Jeff Bremer’s A StoreAlmost in Sight: The Economic Transformation of Missouri from the LouisianaPurchase to the Civil War, comes out this month. Editor Catherine Cocks took a moment to talk with the author about his work.
Catherine Cocks: What role did women play in sustaining their households?
Jeff Bremer: Women played an incredibly important role on family farms. Their labor in their households consisted of juggling a vast number of crucial tasks, from child care to cooking, from caring for the family garden and harvesting and preserving many hundreds of pounds of vegetables to producing butter and cheese. They also sewed or mended the family’s clothes and worked in the fields when necessary. A household could not have survived without female labor.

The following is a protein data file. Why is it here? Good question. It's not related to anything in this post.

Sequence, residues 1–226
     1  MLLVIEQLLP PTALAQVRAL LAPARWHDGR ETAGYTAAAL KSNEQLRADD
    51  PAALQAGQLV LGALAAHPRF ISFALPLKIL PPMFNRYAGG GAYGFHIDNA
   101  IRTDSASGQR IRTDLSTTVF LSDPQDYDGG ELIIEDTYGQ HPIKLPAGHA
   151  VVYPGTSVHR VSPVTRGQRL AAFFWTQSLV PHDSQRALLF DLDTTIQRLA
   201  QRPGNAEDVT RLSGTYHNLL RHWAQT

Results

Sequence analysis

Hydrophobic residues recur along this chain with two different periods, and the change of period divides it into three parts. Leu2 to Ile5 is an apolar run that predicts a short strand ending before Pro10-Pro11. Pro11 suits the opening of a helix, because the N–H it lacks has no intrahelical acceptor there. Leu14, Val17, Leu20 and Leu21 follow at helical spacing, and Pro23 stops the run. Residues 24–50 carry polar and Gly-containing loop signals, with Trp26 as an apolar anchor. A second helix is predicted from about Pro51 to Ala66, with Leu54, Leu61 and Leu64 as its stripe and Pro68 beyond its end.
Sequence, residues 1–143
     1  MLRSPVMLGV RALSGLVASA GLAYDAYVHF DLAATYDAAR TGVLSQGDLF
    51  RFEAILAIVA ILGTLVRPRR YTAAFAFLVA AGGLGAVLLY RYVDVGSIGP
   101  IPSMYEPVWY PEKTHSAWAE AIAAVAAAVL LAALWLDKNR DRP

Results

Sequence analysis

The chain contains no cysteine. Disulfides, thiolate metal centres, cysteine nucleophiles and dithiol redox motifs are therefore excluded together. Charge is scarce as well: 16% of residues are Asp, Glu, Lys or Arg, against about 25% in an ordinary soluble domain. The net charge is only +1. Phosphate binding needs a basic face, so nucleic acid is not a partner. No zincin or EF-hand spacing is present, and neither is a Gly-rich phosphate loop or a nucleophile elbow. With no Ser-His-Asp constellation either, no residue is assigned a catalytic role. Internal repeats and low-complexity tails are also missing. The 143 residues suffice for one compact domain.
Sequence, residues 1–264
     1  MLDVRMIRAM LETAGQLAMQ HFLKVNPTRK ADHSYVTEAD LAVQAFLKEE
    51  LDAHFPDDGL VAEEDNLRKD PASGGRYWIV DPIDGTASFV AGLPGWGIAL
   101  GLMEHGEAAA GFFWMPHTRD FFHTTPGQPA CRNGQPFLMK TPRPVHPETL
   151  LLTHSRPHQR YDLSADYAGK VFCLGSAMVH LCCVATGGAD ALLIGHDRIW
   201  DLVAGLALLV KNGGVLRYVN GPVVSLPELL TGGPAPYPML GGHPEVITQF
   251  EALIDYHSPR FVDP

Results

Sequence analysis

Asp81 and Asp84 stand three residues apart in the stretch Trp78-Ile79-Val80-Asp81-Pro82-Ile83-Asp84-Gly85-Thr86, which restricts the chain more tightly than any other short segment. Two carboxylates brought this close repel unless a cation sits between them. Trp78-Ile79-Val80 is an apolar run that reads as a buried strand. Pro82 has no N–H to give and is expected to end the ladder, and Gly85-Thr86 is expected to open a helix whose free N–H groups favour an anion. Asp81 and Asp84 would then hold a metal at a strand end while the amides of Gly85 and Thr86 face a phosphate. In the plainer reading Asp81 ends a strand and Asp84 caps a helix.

CC: Of all the people whose letters, diaries, or memoirs you read for this book, is there one whose experience most struck or moved you? Could you share a quotation from that person with us?
JB: The experiences of one German immigrant, a man named Frederick Steines, stand out. He came to Missouri in the 1830s with his family and they bought a farm west of St. Louis. Cholera killed his wife and children the year they arrived, and he quickly remarried, since, as I noted above, a household could not survive without female labor. He left a series of detailed letters behind, which I use throughout the book to help explain the lives of average people. In 1840, he wrote, “To make money is the only ambition of the typical American. Money is the motive of his action; it is the axis around which his world turns.” This quotation gets at the heart of my book and at the interest of Missourians in taking part in the growing capitalist economy around them.